Khmer Rouge Claim High Ground
International community censures Phnom Penh government for allowing mob attack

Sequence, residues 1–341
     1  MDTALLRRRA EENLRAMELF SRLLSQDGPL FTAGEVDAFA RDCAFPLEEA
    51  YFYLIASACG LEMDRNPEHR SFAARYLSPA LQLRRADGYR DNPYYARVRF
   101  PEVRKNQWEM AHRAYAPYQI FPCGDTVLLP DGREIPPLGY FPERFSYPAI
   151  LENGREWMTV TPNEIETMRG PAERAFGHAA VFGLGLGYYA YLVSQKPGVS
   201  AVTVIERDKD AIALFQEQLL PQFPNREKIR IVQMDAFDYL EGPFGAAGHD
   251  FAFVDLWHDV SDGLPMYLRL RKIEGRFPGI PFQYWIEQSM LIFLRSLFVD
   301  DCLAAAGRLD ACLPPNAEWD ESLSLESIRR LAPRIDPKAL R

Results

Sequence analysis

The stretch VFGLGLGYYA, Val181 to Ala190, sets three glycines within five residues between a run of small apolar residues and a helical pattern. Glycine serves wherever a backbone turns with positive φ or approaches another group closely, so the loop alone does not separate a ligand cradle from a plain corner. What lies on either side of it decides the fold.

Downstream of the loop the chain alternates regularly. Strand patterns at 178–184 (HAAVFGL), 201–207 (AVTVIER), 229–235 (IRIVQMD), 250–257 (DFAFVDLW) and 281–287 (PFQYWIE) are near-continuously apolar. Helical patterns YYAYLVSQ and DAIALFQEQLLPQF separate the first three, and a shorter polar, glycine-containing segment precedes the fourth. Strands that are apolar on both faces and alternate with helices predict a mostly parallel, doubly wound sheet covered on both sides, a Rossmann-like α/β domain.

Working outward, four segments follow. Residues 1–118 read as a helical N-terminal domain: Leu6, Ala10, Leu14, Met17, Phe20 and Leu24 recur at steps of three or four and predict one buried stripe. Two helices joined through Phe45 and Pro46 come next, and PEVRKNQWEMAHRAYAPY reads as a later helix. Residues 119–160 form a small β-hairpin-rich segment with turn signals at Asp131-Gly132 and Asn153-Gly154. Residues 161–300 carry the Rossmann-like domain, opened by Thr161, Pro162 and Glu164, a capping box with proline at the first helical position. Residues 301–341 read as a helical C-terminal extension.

PATTAYA, THAILAND — CENSURED by their international patrons, Cambodia's politicians are slouching back to Phnom Penh to revive their search for peace.A compromise Tuesday defused a standoff and cleared the way for the notorious Khmer Rouge to return to the capital and live under a protective United Nations presence. The confrontation between the Phnom Penh government of Prime Minister Hun Sen and the radical Marxists was ignited last week by a mob attack on Khmer Rouge leader Khieu Samphan, who fled Phnom Penh for Thailand. For now, the violent episode is cooling the political alliance between Cambodia's recognized head of state, Prince Norodom Sihanouk, and Hun Sen, who many observers believe instigated the demonstration against Khieu Samphan. But analysts say the incident highlights deep hatreds among the rival political factions that will continue to complicate efforts to rejuvenate the war-battered country. "It's shown the Cambodians that they have to get serious about this peace process," says a Western diplomat attending a meeting of the Cambodians and their international backers in Thailand. A growing international impatience prods the Cambodian leaders to end the rivalries that had long been manipulated by major world and regional powers. Vietnam, which invaded Cambodia in 1978 to end a four-year Khmer Rouge reign of terror, installed the Phnom Penh regime and backed it during Cambodia's 13-year civil war. In a controversial alliance of three resistance groups, China and Thailand supported the Khmer Rouge while the United States and other Western countries supported the two noncommunist groups. Reduced cold war tensions and a new rapprochement between the communist governments in Vietnam and China finally prompted the signing of a UN peace accord in October. Given the touch-and-go task ahead, representatives of the five permanent members of the UN Security Council told the Cambodians that political intrigue would only endanger the process. "This is not the time for political maneuvering," says a Southeast Asian diplomat deeply involved in the Cambodian negotiations. "It creates an imbalance which could upset the delicate atmosphere needed to achieve national reconciliation." Yet, the attempted lynching of the Khmer Rouge official already is churning political alignments. Most damaged by the episode is Sihanouk, the onetime god-king who returned to Phnom Penh recently and immediately blessed a political alliance between his son, Prince Norodom Ranariddh, and Hun Sen in a move to isolate the Khmer Rouge. Sihanouk was caught off guard by the assault on Khieu Samphan and threatened to resign as head of the interim reconciliation council if new violence exploded. Stung by criticism that the political coalition had compromised his neutral stance in mediating the peace, a chastened Sihanouk backed off from plans to establish a formal coalition government with Phnom Penh officials. "We are now slowing down on the political alliance until the tension eases up a bit," said Prince Ranariddh, who analysts believe resented his father's enthusiasm for alliance with Hun Sen. For Hun Sen, who just a week ago seemed poised to turn denunciations of the Khmer Rouge to a political advantage, the Pattaya meeting became an embarrassing setback. For the Khmer Rouge, it was a diplomatic success. A Phnom Penh-based diplomat says that "people who say they hate the Khmer Rouge have started asking why the government made this provocation," jeopardizing the peace accord. The Khmer Rouge have claimed the high ground, analysts say. "They were a lot more dignified than the others," says a Western diplomat. The guerrilla group, which is blamed for the deaths of at least 1 million Cambodians during the 1970s, lost hundreds of thousands of dollars and key documents in the mob attack on its Phnom Penh residence. In addition, the group claims one of its top officials was temporarily detained and interrogated by the government and another official in charge of communications, Koh Tiang, is still missing. But by agreeing to the compromise and recommitting the group to implementing the peace plan, the Khmer Rouge showed a political shrewdness that the group could turn to its advantage. "The Khmer Rouge want to show themselves as the ones implementing the peace agreement," says Ieng Mouly, an official with a rival Cambodian faction. "They have gained some credit for that."